Last month I went to North Africa. We spent nine days setting up an art gallery, meeting new friends, talking with gallery visitors, eating at new restaurants, and praying for the city we were in.
The country we were visiting is 99% Muslim. The city we were in had a handful of indigenous believers. We were told that it was a great risk for the locals to choose Christianity, because they would likely be rejected by many of their friends and family. Many people we met through our art gallery had never had a prolonged conversation with a Christian before.
Our pop-up gallery gave us a unique venue to get to know people and to explore the ideas presented in the art: Who should we care for? Who can we relate to? How can compassion transcend cultural, geographic, and linguistic barriers? What does it mean to welcome “them”, whoever “those people” might be? What kinds of people should we assign value to? Artists from across America sent us pieces centered around those ideas for the three day show we hosted.
“If you were here longer, I would invite to to my house.”
I heard that from so many kind people while we were in North Africa. I know, I would tell them, a week isn’t long enough.
I talked in previous posts about seeing people once, twice, or three times between the language school and our art exhibition. After meeting a woman, if I saw her again, I soon realized it was normal to kiss on both cheeks as a greeting. If they were particularly happy to see me, I would get one kiss on the right, then two or three kisses on the left.
People weren’t satisfied to talk with us about the art for a moment, then leave. They wanted to talk for longer, to hear the thoughts behind the work, to ask us questions about ourselves and, in turn, answer questions we had for them.
Three North African women we met even invited us over for dinner at an American friend’s house. That dinner was definitely one of the best meals we had while we were there.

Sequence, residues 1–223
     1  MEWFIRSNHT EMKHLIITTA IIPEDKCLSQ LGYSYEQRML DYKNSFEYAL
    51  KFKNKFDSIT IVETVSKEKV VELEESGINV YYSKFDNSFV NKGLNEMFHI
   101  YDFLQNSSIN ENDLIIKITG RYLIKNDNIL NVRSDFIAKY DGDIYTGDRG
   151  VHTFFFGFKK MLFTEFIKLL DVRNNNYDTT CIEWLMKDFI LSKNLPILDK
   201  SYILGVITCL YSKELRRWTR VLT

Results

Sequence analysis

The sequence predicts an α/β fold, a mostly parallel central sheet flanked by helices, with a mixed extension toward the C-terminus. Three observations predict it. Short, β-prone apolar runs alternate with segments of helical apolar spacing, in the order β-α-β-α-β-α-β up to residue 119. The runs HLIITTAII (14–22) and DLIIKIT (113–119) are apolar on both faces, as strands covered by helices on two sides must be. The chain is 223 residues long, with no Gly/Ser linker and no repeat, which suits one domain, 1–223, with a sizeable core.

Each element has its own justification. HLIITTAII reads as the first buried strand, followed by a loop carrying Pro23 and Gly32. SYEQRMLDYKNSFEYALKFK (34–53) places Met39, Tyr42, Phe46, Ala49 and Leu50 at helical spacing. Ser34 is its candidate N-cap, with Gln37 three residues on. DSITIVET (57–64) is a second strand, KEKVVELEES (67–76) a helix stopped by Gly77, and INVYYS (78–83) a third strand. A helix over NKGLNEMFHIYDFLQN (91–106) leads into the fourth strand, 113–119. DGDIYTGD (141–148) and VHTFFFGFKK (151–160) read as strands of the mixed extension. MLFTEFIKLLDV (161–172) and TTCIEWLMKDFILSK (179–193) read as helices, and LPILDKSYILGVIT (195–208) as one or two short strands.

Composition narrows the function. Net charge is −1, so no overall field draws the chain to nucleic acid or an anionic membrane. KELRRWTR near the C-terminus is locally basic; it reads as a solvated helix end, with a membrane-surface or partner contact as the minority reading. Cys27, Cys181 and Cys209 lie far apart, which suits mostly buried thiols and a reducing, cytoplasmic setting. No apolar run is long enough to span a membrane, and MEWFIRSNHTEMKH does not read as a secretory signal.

Crowded around a single table, in the local style, we all ate off of one plate.
We had to be careful to stay in our section of the plate, luckily it wasn’t as hard as I thought for us to pick apart two whole chickens with our forks.
After the first dish, we had a soup that is traditionally eaten with dates on the side. This soup is a particularly important dish when eating an iftar meal, a meal breaking the fast during Ramadan, however it is also eaten all year round.
Once we were all full, we lounged and talked about everything from shopping, to programming, to cooking, to our mutual dislike of bugs. This led to looking up the scariest insect videos we could think of on Youtube and cringing at them together. Evenings like that one always feel precious to me. Spending time with people from a vastly different culture, sometimes searching for the right way to explain an English word, we were offered such wonderful hospitality and constantly found common ground in our likes, dislikes, ambitions, and talents.
The world is vast, filled with beauty beyond measure in different countries, cities, and villages. People are not the same from place to place, and sometimes it can feel like differences in world-view, culture, or beliefs open up a vast gulf between peoples. However, even in the midst of our strangeness, quiet evenings spent around lovingly prepared food remind us that diversity does not have to mean distance and that differences can be spanned with a simple joke, a common preference, or a second bowl of soup.
My next blog post explores some more of the food we ate while we were there.